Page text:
Jennifer, a reader from Burlington, Washington emailed to tell me that the movie theater in her town had started to offer “sensory friendly” showings of popular movies to the community.
Wondering what a sensory friendly film was all about, Jennifer inquired at the box office and was told that the special screenings are geared toward the needs of autistic children. The lights are kept on during the film, the sound is turned down and the kids are free to run around and do whatever they like.
Jennifer had a mixed reaction about the program just like I did. On the one hand, what a wonderful idea for families struggling with an autistic or special needs child so that they can enjoy time out at the movies together in a comfortable environment.
On the other hand, what does this say about the number of children that are autistic today?
This movie theater’s sensory friendly program is not an isolated case. AMC Theaters has a page on its website devoted to sensory friendly films and describes the initiative as a monthly program offered nationwide for families affected by autism:
The program provides a special opportunity for families to enjoy their favorite films in a safe and accepting environment. The auditoriums dedicated to the program have their lights up, the sound turned down and audience members are invited to get up and dance, walk, shout or sing!
The idea for the program began with a request from a parent with an autistic child for a special screening at AMC Columbia Mall 14 in Columbia, MD. More than 300 children and parents attended the first screening.
We are thrilled to now offer the program at many locations nationwide — please see below for a complete list of participating theatres. As a leading theatrical exhibition company, we are so proud to be making a difference in the estimated 1.5 million Americans living with an autism spectrum disorder by offering families a chance to see a movie together — often for the very first time.
One thing is certain – AMC would not be offering sensory friendly screenings of popular films unless it was financially viable. In other words, if it doesn’t fill seats, it won’t fly.
Jennifer told me that she used to work at a movie theater and knows how slim the margins can be. Yet, upon inquiring with the manager of the movie theater, she was told that the program was indeed filling plenty of seats and was very financially successful with many showings selling out!
The Age of Autism
It’s not news that the rate of autism continues to skyrocket. Using data from the website vacinfo.org, I constructed the graph to the right which visually depicts the number of school age children in the United States with autism and how it has grown since 1994.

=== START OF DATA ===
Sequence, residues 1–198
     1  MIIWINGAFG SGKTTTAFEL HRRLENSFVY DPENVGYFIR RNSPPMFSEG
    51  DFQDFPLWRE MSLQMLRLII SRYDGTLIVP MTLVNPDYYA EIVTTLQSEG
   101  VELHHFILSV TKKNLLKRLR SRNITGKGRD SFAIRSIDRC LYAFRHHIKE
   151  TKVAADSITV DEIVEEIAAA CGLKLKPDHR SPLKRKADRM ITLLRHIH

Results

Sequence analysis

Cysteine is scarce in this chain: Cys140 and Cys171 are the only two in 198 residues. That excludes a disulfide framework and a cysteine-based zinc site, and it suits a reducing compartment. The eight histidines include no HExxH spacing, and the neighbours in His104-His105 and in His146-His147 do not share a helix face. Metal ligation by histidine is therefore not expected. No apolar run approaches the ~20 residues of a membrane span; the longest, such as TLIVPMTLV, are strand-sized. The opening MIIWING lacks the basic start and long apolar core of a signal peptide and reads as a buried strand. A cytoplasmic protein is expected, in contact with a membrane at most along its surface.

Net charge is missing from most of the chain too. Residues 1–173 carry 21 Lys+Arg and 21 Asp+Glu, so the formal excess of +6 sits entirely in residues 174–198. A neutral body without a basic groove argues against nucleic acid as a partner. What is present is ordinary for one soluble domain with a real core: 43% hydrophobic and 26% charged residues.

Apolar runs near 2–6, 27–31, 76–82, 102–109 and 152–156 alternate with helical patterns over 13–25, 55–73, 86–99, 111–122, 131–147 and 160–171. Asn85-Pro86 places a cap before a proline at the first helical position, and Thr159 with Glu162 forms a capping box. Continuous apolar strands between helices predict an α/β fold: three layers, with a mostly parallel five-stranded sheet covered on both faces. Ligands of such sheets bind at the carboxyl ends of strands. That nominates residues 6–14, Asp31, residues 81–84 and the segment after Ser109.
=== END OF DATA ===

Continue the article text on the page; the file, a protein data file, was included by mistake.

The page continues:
On November 29, 2012, the United States Congress held a riveting hearing on the Federal response to the astronomical and still rising rate of autism in today’s generation of children.
During these hearings, one Utah congressman reported that the autism rate is 1 in 47 in his state.
In New Jersey, the rate of autism is a shocking 1 in 26!
With so many children now on the autistic spectrum with more added each and every day, one has to wonder what other aspects of community life will be altered in the coming years to accommodate their special needs far and beyond sensory friendly films.
What Will Happen When These Children Grow Up?
My big question has always been, “What will happen when these autistic kids grow up in the coming decades and their parents become too old to take care of them anymore?”
My guess is that there will be a new type of extended care facility – Autism Homes similar to the Nursing Homes of today except there won’t be many old people around anymore due to declining life expectancy with the passing of the pre-WWII generation, the last generation raised without processed foods. Really old people will become a rarer sight rather than common like it is today.
As a result, these abandoned nursing homes will instead become filled with autistic and other special needs adults cared for by a professional staff because there isn’t anyone able to care for them properly at home anymore.
Sobering thought isn’t it?
There are certainly many more lifestyle modifications and adjustments to be made in communities across America as an increasing tidal wave of autistic children grow up and take their place in society that will require enormous community financial resources.
The advent of sensory friendly films across the nation is the tip of the iceberg.
Sarah, The Healthy Home Economist